Thursday, May 29, 2008

Mid-week update

I never understood why people were so obsessed with hump day until I started working. Or happy hours, or TV dinners, or maids. . . wait, I get the maid thing, but seriously, the whole perspective shifts as you move from the magical world of college into the 'real' world. It is my personal mission to stem the flow of this transition as much as possible by trying to make something out of every night.

Ok, so I had received a hot tip from G, souteneur of good music, to check out the Funky Butt Brass band at the Broadway Oyster bar. Now the Oyster bar is one of my favorite places to go during the summer because the music is funky, the place reminds me of New Orleans, and people dance. The food I can't eat so much, but who needs to eat when you've got dope music?

We Rosh and I headed down to check it out with Wizzo and met up with a friend of hers down there. I didn't even have to walk into the bar to know that we had made the right decision. As navigated from the parking lot in the rear, up to the entrance, I could hear the sousaphone bumping out bass lines. I'll admit it, I started second lining in the middle of the street. Funky Butt is clearly a band I'm going to see at every opportunity. Check the Oyster bar's calender and get your funky butt down there.

Last night was going to be a chill one, cuz even I need to sleep every once in a while. I was going to grab a drink with Em at 33, this fantastic wine tasting bar which doubles as a retail spot down in Lafayette square on Park. Its pretty well hidden, right next to the Chocolate Bar and doesn't have any kind of sign noting the name. In fact, if not for the small open sign on the door, you wouldn't know it was a place of business at all.

Long story short, Em gets sick, Rosh and lady S decide they are in, we have Aim join us, and while we are siting there, enjoying a Moscato D'asti and a triple stout, we catch the menacing outline of T&R walking by. I do my best Jesse Owens to catch up with them and then convince them to join us.

This was not an early night, but at least it didn't end with a half hour discussion on the pros and cons of Walmart. . . which may make its way into the blog as a point counterpoint/battle royal between Rosh aka The Man and Y? aka the Romanticized Revolutionary.

Whatever...Karl Marx was a Heeb too after all. Read More......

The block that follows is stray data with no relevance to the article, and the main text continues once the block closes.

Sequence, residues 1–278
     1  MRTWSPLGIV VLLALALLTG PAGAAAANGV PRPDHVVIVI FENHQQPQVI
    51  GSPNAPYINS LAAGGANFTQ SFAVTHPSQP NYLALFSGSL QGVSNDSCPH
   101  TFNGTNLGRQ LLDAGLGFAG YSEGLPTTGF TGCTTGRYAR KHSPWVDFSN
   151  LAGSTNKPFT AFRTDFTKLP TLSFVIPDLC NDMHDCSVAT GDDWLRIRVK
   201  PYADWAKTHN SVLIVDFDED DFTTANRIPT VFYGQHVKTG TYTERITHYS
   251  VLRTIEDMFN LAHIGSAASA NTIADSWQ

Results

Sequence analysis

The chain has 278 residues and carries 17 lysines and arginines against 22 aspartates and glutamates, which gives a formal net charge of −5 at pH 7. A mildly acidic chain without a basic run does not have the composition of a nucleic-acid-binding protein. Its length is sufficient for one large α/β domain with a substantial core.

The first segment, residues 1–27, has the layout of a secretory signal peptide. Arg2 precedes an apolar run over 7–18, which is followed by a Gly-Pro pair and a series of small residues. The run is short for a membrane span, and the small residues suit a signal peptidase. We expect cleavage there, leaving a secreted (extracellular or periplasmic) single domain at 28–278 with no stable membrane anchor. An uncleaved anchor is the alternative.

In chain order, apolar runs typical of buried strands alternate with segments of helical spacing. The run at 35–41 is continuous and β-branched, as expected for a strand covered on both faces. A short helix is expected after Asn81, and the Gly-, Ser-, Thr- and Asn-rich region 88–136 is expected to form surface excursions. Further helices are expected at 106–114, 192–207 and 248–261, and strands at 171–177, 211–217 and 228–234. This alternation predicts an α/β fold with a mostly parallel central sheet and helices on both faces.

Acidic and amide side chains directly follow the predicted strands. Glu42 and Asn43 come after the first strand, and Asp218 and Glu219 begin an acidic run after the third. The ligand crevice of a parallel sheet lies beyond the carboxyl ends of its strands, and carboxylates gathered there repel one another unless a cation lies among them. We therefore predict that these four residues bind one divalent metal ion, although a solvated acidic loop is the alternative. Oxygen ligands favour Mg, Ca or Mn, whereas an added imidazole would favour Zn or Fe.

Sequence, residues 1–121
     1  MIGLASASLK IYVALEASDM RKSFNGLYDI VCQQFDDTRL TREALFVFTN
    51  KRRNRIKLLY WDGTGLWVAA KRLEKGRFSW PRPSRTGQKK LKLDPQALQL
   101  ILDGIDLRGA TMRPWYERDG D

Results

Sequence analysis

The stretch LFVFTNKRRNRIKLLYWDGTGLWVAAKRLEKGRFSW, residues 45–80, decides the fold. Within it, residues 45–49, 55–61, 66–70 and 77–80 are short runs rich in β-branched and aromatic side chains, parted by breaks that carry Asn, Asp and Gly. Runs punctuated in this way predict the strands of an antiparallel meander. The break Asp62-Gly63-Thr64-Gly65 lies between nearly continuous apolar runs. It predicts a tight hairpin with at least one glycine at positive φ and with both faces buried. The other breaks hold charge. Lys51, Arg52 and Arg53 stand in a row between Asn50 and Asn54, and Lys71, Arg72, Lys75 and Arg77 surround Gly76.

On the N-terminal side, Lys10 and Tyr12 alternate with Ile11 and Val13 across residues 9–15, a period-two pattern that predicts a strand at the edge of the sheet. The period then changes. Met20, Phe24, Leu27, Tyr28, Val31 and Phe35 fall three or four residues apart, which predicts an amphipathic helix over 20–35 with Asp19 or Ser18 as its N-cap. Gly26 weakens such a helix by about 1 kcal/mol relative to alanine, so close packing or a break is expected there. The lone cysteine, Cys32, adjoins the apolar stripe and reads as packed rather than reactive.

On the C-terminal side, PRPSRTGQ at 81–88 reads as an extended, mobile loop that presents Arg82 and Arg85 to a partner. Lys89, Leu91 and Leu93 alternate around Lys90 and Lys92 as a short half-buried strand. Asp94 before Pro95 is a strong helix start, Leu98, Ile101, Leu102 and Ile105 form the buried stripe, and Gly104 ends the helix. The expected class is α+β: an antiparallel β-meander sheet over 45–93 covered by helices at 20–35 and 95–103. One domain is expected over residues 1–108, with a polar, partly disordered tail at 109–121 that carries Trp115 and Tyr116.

Wednesday, May 28, 2008

The Sanctuary

So Y? already teased this in talking about the weekend, but Friday's Shabbat dinner and "after-party" deserve more than just a passing mention. Luckily, I am here to pick up the pieces for you all who missed out. So Y?'s parents were in town, which meant Shabbat dinner at the sanctuary. Granted, I had to bring my own chair, beer, and candles, but I scored an invite. (Sidenote: Schnucks's in the CWE only sells Shabbat candles in packs of 72, so the candles are on me for the next 35 Shabbats!) Anyway, dinner had all the amazing interactions you would expect when two parents (one of whom is a rabbi deeply learned in Torah) enter the world of the young professional on a Friday night. Save for the candles, challah and wine, nothing and no one was sacred as the chicken marsala and potato chips flowed like honey from the kitchen.

So, around 11:30 (four hours after the dinner began) we decided that it's probably time to conquer the world beyond the sanctuary. As we are determined to find new things to do in the city, we headed out to check out some SLU bars, figuring that its a major urban university (albeit Jesuit) there's gotta be something good going on. And was there ever...

So we get down to SLU and park by a place called Magnolia's. Everyone's pumped up and ready to go, fat and happy from dinner, when the bouncer tells us it's a $3 dollar cover plus a one drink minimum. A ONE DRINK MINIMUM? Sounds kiiiinda like an East Side joint you're thinking? Us too. So we move on, only to be greeted at the window of the next bar by stereotypical white shirtless dude. So now we're stuck. I mean, this is St. Louis so of course there are only those two bars within walking distance. So, being the resourceful smart Jewish folk that we are, we ask some passerbys what exactly is Magnolia's? "A gay club dude."..."No, really, man, what is it?"... "It's a GAY CLUB."

So we start looking around, really paying attention to our surroundings, and the tight pants give it away, that Magnolia's really is a gay club! Not that there is anything wrong with that, and it certainly was the most popular place around SLU that night, but not quite what we were looking for when we set out for some Shabbat night exploring.

I guess the lesson here is that when you commit to finding new things in St. Louis, you gotta be ready for anything. So when you come out with us, consider yourself warned, you never quite know where you might end up. But in a place like St. Louis, where so much is too often the same, isn't that a good thing? Read More......

Monday, May 26, 2008

Intro to me

So its time for this shindig to truly begin. The best way to start is usually to give a little background. I am a St. Louis transplant. When I was born and lived my life, never in my wildest dreams did I ever think I was going to live in Missouri. Previous to living here, I lived in Connecticut, New York, New Jersey, Texas, California and Georgia. Now that its virtually on paper I can just refer everyone here to figure it out rather than me telling the story. Unlike Y? I am just trying to make my way as the new kid in school might. Meet a ton people, try to tell a joke or two to show that hey, you can dig it, and then find my own path among the others. That's why when I blog, I will be more focused on the here and now from a new mind.